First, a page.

Hello, fellow actors and directors, greetings and salutations!
Last time you dropped by we were addressing “focus of attention” for an actor during rehearsals and performance. I’d like to continue this discussion, however, during rehearsals of Dancing at Lughnasa this week “the actor” asked me the perennial question: “when should I learn my lines?”
You may hear at least two different answers to this vital question from colleagues, teachers, and directors. I have a strong point of view on this topic based on my years of experience of being “the actor” creating a role and being the director of professional actors.
Focus: The words of your text encapsulate the story you are telling to an audience.
When it comes to line learning for amateur, community theatre actors and inexperienced student actors there is an argument for helping them to preoccupy themselves elsewhere.
I avoid any direct reference to the cause of their anxiety. Otherwise it will take up 99% of their unfocused attention. I usually do this by giving them an acting problem that will remove the focus from the words and solve the matter for them.
Focus: All the elements of a play should be organically memorised throughout the rehearsal process.
However, when faced with a new role, how do you begin? Do you first learn your lines?
First, read the play a LOT. Write down your first impressions of the story and the characters from an audience’s point of view.
Focus: Read the play as a story and in your minds eye, using your imagination, see the story being played out in the movie or stage of your mind.
Then if you’ve been cast in a professional production try to learn your lines. The bigger the part, the more you should know them. Nothing upsets the professional creative process more than actors, through sheer laziness, who don’t learn their lines.
Many actors justify their laziness with excuses like:
“Oh, I can’t possibly learn my lines, I have to know my character and my blocking too.”
In my experience that excuse is rubbish and it’s the biggest time waster in rehearsals. Yes we know learning lines can be boring; it is repetitive and dull pouring over page after page, memorising. A real drag at times. But thousands of great actors before you have done it and trust me the pay off is immeasurable once you get up on the floor in rehearsals.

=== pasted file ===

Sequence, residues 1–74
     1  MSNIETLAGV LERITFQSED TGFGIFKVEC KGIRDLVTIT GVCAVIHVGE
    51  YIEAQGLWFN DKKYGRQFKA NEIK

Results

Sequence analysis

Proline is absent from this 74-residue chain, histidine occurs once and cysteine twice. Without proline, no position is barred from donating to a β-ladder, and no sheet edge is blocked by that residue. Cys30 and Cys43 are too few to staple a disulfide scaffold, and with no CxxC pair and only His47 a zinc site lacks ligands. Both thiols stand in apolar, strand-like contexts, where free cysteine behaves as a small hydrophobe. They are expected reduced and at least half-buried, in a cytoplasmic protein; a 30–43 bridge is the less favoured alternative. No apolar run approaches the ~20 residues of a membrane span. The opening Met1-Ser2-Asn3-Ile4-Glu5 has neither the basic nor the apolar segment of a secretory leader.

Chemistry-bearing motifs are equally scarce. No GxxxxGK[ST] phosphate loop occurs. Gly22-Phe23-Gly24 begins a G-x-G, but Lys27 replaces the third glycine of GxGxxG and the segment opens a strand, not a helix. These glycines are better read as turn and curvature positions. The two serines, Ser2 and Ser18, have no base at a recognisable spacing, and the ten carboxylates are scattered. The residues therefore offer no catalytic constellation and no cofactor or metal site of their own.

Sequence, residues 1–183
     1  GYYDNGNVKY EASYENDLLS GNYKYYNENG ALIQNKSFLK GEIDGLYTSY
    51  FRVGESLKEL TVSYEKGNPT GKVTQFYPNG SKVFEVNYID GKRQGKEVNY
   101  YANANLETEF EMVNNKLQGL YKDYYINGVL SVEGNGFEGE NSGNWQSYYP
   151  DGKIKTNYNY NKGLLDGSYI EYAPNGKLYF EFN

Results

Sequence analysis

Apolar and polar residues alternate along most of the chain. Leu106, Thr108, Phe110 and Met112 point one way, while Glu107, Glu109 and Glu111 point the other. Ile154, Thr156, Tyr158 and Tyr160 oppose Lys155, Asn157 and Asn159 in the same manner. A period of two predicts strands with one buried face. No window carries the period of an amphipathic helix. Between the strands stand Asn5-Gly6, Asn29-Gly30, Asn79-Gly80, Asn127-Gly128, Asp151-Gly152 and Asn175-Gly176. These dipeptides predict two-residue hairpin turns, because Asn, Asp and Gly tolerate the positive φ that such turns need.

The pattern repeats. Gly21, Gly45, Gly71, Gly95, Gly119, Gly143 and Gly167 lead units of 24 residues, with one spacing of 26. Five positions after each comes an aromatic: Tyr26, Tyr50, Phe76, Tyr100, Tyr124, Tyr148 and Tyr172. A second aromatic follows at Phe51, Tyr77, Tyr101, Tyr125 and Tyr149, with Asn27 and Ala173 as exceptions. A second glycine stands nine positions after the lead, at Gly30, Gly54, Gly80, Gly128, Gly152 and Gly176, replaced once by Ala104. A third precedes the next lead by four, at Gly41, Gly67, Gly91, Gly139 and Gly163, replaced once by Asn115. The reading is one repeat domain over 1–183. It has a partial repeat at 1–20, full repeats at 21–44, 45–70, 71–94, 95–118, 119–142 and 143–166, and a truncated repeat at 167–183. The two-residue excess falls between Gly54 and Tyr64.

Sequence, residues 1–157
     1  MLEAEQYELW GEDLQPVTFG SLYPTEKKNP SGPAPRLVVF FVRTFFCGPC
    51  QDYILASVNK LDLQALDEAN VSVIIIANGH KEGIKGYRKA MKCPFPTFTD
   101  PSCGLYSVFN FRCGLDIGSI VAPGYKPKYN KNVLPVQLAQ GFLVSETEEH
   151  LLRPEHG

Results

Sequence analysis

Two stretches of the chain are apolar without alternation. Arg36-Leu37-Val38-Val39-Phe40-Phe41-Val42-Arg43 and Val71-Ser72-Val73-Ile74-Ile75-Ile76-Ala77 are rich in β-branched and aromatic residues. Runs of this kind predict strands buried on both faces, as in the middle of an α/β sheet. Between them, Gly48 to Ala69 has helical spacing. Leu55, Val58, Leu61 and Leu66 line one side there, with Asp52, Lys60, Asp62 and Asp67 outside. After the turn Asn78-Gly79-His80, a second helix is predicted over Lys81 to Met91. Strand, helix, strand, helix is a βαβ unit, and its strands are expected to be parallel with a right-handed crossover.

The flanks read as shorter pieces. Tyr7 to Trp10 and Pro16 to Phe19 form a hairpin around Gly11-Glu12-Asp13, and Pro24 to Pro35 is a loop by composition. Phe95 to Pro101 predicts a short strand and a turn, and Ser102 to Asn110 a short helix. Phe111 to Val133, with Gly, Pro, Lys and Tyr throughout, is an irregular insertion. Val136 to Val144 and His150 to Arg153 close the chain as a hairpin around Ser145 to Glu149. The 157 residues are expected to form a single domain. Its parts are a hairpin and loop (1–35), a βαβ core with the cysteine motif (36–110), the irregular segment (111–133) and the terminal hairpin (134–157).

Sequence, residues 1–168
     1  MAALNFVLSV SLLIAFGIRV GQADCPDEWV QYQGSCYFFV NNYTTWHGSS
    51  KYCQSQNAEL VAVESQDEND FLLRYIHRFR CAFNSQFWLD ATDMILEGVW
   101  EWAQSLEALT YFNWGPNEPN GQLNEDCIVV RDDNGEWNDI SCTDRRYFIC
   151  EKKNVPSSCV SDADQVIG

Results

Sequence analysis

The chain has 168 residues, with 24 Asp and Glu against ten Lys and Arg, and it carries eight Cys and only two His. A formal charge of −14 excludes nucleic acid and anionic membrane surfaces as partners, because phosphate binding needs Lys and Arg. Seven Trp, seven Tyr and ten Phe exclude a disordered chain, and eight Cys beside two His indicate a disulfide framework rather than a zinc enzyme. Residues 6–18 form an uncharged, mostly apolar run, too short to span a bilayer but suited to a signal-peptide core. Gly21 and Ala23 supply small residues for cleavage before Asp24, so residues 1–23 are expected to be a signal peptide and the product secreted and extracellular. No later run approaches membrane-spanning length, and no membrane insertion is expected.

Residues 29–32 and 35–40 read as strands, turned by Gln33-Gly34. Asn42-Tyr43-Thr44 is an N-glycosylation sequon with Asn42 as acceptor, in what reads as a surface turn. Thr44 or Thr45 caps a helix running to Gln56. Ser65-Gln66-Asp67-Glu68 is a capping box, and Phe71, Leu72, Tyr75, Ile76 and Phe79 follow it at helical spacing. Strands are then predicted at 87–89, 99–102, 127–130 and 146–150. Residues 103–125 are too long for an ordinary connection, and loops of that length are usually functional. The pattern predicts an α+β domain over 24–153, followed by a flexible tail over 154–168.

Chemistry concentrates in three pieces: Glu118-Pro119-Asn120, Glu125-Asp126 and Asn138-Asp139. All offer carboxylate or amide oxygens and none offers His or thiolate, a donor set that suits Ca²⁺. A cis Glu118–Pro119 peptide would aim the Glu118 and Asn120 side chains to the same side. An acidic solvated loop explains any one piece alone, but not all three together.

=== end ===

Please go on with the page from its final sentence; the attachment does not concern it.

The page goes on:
I’ve tried both techniques and I did find out the hard way. It’s obvious to say but you cannot really discover and explore with a book in your hand. Yes it’s a great thing to hide behind, to avoid committing and taking risks. As long as your excuse is “I don’t know my lines,” you can get away without being vulnerable, without giving a performance or even attempting one.
‘What happens?’ asked the actor.
Well, we arrive at the last week of rehearsals, your book is finally down, and only then is there a tiny amount of time in which to integrate your role, get your act together. But by that time everything is panicked, you move into the theatre, set, lights, costumes and you’re going to have an audience soon, your adjusting to notes and are feeling very insecure. So by then you don’t dare try anything or be open to receive anything new.
Being prepared and ready before rehearsals begin is a point I feel strongly about.
NB: Don’t get caught out, there’s no need to be confused about where to focus your attention as you prepare for rehearsals.
Looking forward to our next discussion about our glorious craft.
Hang on tightly, let go lightly, and remember, dare to be vulnerable.
Copywright 2016 John O’Hare.